You Could Help Scientists Eradicate Whooping Cough, And Get Paid To Do It

How much would you want to be paid to let someone make you ill on purpose and then keep you in isolation for over two weeks?

Well, you’re about to find out.

Researchers in Southampton are developing a vaccine against whooping cough, as part of a £2.3 million European-wide study funded by the Bill & Melinda Gates Foundation, and are looking for healthy volunteers. 

They’re offering participants over £3,526 in compensation for your time and travel costs, if you are a non-smoker, English-speaking, aged between 18 and 45-years-old, will spend 17 days in isolation, and are willing to commit to a follow-up antibiotic regime.

Whooping cough, also called pertussis, is a highly contagious bacterial infection of the lungs and airways, causing repeated coughing bouts that can last for two to three months or longer, according to the NHS.

Estimates from WHO suggest that, in 2008, about 16 million cases of pertussis occurred worldwide, 95% of which were in developing countries, and that about 195,000 children died from the disease.

Although a vaccine is offered to all newborns in the UK, 18 have died since 2012.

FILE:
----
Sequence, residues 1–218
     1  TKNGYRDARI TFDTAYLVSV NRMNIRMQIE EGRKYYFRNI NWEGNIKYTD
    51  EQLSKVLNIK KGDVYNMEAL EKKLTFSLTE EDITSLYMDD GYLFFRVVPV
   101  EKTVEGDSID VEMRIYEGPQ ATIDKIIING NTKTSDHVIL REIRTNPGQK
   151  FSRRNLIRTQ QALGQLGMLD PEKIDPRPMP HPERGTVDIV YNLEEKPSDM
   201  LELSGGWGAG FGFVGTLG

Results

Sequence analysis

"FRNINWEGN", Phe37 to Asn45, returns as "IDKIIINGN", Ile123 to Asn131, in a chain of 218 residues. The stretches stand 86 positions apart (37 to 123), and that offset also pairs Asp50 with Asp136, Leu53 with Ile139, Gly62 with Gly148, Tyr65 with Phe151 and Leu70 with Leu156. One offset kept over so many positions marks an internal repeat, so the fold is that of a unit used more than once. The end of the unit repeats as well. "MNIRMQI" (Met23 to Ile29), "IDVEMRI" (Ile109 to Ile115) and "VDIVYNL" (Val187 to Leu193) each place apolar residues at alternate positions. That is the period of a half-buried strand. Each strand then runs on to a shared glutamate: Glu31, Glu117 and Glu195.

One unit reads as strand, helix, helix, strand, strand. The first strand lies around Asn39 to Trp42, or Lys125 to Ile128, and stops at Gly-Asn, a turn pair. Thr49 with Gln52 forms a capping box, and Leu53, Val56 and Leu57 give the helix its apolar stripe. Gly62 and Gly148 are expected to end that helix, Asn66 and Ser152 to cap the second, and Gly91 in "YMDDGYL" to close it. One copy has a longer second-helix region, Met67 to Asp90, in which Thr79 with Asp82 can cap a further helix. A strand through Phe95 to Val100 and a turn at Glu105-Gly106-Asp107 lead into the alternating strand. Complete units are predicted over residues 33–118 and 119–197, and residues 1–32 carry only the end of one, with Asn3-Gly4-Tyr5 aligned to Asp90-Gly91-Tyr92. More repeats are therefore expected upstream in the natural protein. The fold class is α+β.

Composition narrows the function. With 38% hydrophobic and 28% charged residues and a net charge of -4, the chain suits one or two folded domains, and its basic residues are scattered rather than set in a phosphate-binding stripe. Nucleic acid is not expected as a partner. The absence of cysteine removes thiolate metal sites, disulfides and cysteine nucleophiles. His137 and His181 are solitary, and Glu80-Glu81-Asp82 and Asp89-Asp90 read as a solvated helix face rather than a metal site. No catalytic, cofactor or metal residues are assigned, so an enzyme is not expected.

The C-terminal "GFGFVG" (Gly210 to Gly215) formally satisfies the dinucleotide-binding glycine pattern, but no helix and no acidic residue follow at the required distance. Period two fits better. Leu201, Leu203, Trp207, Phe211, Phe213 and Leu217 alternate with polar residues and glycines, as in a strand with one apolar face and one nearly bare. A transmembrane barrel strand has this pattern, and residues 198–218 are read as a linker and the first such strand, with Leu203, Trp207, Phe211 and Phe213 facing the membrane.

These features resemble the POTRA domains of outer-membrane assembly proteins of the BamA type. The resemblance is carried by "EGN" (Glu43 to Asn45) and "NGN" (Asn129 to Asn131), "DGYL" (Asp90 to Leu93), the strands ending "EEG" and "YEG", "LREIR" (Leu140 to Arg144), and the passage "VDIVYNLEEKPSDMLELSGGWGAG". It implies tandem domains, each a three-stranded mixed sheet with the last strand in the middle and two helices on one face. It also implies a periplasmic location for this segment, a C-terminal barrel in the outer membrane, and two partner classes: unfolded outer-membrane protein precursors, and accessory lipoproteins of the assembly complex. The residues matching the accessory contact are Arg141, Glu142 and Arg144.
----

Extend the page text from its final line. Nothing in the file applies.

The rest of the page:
Not only that, but the effectiveness of the vaccine has been lessening over time as it is administered to more of the population.

Professor Robert Read, working on the study, said: “The current vaccine seems to be much less effective than it was 15 years ago.”

So the new research is being funded to try and improve the vaccines we have available for babies and toddlers. 

The study is focusing on those people who seem to be naturally immune to the disease, and thus can be ‘silent carriers’, spreading whooping cough via cough or sneeze droplets, without ever succumbing to the symptoms themselves.

Read said: “We want to know what’s so special about these people and why we can’t make them into silent carriers.” 

They hope to take what they learn from silent carriers and deploy this in potential future treatment and preventative measures. 

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The volunteers will be inoculated with nose drops containing B.pertussis bacteria, then put in an isolation unit for 17 days to have their immune response monitored.

They will get a private room, with access to toilets, showers and a recreational area. Meals, drinks, snacks and entertainment will also be provided, but they will have to wear a mask when they have contact with others.

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